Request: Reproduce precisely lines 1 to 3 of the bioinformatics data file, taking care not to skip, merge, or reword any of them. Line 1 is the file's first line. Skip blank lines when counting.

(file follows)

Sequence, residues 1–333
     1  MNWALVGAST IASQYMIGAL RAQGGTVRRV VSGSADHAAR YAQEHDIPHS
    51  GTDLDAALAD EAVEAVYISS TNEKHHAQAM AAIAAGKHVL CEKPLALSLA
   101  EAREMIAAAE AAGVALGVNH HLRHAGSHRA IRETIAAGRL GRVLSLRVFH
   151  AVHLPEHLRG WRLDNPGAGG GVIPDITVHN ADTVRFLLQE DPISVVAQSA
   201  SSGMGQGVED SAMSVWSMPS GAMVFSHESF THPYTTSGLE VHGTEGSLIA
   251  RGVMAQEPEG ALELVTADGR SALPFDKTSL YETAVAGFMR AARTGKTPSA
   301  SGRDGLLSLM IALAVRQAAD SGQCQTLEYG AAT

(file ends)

Sequence, residues 1–333
     1  MNWALVGAST IASQYMIGAL RAQGGTVRRV VSGSADHAAR YAQEHDIPHS
    51  GTDLDAALAD EAVEAVYISS TNEKHHAQAM AAIAAGKHVL CEKPLALSLA